I don’t think it’s a coincidence or a careless anachronism that our modern-day heroine carries a candle down into the basement and not a flashlight. And her silk skirts rustle on the stairs. Because mini-skirts inconveniently don’t rustle.

I heartily recommend this book to anyone in the mood for an old-fashioned gothic.

Rating: 3.5 out of 5.

July 2, 2019

Danger at Dahlkari

By T. E. Huff (Jennifer Wilde)

***only spoilery if you’ve never read a Gothic before**

In all but the heroine, this novel forcibly reminded me of a Madeleine Brent romantic suspense. Exotic locale, deadly adventure, and a mysterious hero who isn’t what he seems and who doesn’t really interact meaningfully with the heroine until over halfway through. And she goes on a long dangerous trek with him. Like “Madeleine”, the romance is on the light side. It also reminded me of many other T.E. Huff (aka at least 3 other female pseudonyms) in its usual tropes. Although we are told Lauren is intelligent, scholarly, headstrong, brave, and sensible but we usually see is naive, hysterical, and silly when it comes to her romantic relationships. Her companion Sally is the force to be reckoned with throughout most of the book. Also, the author employs his usual bait and switch with the heroes. Of course, the real hero is immediately apparent to even a semiconscious reader from his first appearance. So that means we know who the villain is as well. There is an interesting reveal at the end that came as a surprise to me.

Despite going over very well-traveled ground, it is well-written and paced with an engaging semi-humorous voice that T.E. Huff (Jennifer Wilde) is known for and which is virtually indistinguishable from Madeleine Brent’s first-person voice. Readers who liked this book would adore Madeleine Brent And Madeleine Brent devotees would find enough similarities with Madeleine to find much to enjoy in this particular title.

Rating: 3.5 out of 5.

May 2, 2020

The Stranger Diaries

By Elly Griffiths

“It’s a quote,’ I say. ‘From The Tempest.’ ‘What’s the next line?’ says Harbinder though I’m sure she’s looked it up. ‘Hell is empty,’ I say, ‘and all the devils are here.”

I loved the 4 narrator format on this audio. There were many things I liked about the book: The literary theme, the characters, the old-fashionedness, the creepiness, the light humor. I liked the characters seeing themselves from the different perspectives of the others and the changes of attitudes from the first impressions. There were also some amusing references to Harry Potter and Georgette Heyer. However, the murderer proved something of an anticlimax. Looking back I should have guessed (which I didn’t even suspect, my bad) because there was no one else it really could have been as motivation or opportunity was lacking in everyone else. Actually, the motive was pretty obscure to me. The Stranger, the story within the novel wasn’t very good either. And much to my annoyance and confusion, since I was listening to it on audible, the last 30 minutes is a telling of the whole story all over again and just tacks on an ending. There was a ghostly presence near the end but I feel like it was a loose end. I feel like there should have been more links between the story, The Stranger. and the mystery of The Stranger Diaries.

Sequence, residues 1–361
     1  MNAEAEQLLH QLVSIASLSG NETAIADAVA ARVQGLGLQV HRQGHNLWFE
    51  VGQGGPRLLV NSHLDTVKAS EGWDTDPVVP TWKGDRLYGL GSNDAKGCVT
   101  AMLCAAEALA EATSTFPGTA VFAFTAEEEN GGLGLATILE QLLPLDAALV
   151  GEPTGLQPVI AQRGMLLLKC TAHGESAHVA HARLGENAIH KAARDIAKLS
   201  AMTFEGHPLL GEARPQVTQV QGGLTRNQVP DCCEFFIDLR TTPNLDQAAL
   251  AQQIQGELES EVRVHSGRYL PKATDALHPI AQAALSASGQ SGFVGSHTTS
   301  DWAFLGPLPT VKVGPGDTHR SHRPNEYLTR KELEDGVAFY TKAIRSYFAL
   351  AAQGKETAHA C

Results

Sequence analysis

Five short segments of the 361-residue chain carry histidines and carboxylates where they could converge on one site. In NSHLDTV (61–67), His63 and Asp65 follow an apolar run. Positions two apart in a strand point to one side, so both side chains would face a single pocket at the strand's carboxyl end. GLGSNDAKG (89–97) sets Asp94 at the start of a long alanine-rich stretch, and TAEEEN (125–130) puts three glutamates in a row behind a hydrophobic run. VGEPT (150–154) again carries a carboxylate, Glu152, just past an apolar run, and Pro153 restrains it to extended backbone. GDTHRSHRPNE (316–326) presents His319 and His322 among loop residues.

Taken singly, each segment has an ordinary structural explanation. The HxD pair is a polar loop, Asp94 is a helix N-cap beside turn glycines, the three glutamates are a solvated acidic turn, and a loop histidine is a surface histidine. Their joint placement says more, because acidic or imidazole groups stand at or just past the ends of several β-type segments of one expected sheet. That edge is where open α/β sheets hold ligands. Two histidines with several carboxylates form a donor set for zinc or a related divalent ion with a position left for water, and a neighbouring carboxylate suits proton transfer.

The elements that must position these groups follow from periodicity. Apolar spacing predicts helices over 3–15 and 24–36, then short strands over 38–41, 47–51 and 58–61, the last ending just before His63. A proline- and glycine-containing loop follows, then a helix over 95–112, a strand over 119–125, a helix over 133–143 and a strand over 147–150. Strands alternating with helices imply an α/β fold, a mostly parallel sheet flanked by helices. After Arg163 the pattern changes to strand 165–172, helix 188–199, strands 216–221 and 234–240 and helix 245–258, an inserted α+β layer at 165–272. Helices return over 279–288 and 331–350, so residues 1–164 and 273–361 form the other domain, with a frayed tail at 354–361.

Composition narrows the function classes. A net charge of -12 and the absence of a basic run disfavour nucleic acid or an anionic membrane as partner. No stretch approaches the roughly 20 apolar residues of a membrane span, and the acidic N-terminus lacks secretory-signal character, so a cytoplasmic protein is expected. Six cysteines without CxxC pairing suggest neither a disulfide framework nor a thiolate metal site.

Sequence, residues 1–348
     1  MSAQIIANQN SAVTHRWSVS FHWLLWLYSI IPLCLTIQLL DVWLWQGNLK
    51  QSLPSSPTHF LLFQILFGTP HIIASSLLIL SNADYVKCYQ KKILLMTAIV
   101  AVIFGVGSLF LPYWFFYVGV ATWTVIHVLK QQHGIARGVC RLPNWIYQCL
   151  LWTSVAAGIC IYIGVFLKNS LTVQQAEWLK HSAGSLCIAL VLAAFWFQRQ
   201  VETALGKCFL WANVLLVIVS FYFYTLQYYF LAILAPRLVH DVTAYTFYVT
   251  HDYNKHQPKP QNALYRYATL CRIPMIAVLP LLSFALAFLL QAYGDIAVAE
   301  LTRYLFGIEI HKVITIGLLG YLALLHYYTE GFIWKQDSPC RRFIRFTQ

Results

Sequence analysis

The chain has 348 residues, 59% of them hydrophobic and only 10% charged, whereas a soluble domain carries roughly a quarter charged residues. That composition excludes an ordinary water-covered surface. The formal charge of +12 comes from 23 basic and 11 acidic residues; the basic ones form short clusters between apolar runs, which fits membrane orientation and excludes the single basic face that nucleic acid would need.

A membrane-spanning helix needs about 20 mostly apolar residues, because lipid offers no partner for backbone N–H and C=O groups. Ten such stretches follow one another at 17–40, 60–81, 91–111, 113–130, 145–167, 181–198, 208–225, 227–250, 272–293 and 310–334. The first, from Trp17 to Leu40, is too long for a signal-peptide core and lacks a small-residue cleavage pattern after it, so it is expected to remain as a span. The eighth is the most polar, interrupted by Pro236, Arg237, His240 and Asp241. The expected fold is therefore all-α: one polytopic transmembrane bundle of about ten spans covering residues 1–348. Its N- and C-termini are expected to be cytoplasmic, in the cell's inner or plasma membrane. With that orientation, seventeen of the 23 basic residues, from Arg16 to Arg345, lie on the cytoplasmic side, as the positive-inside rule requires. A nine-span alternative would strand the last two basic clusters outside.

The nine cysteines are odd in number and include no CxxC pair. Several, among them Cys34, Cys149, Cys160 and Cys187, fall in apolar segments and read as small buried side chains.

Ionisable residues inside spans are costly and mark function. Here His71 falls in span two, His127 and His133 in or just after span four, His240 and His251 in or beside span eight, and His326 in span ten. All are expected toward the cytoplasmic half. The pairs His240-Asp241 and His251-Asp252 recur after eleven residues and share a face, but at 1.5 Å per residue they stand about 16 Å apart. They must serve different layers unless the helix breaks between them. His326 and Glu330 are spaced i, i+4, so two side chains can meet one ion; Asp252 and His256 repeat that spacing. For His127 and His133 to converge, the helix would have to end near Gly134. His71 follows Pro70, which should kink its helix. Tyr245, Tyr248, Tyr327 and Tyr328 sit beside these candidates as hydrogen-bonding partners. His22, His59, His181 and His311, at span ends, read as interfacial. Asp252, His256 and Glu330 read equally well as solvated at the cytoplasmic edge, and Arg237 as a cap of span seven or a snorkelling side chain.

Rating: 2.5 out of 5.

May 19, 2020

Home Before Dark

By Riley Sager

“Every house has a story. Ours is a ghost story. It’s also a lie. And now that yet another person has died within these walls, it’s finally time to tell the truth.”

I’m sorry, but I like my ghost stories to be scary. It was still good though. There were some very surprising twists at the end that I didn’t see coming, which is always a good thing. Some things did not hang together, and some mysterious happenings that were part of Maggie’s story did not make sense and were not explained. Specifically, the book supernaturally opened to a clue, supposedly to lead Maggie toward the truth, but, oops, it was a false lead. The supernatural or ghosts don’t lie for no reason.

Maggie inherits Baneberry Hall after the death of her father. 25 years earlier, when Maggie was 5 years old, Her family fled in terror from the house never to return. Her father wrote a bestselling “non-fiction” book about the haunted house which screwed up Maggie’s life. She returns to try to learn the truth for herself, because, to her anger, her parents never would tell her the whole story. Was it all lies? Was it mostly lies? Or was it mostly the truth? Mysterious things start to happen in real life to Maggie which echoes what her father wrote about in the book.

The truth is revealed pretty satisfactorily (and shockingly) except for a few unanswered questions. Since I listened to it on Audible, I couldn’t go back to see if I was played fair with. For the most part, except for my previous small example above, I think I was. One thing that did interfere with my enjoyment was the bitter hostile tone of the narrator who played Maggie. I guess it made sense, but it was overdone and her constant stubborn belief that the whole book was “bullshit” despite all evidence to the contrary was annoying. All in all, a great concept and well done.

Rating: 3 out of 5.

July 7, 2021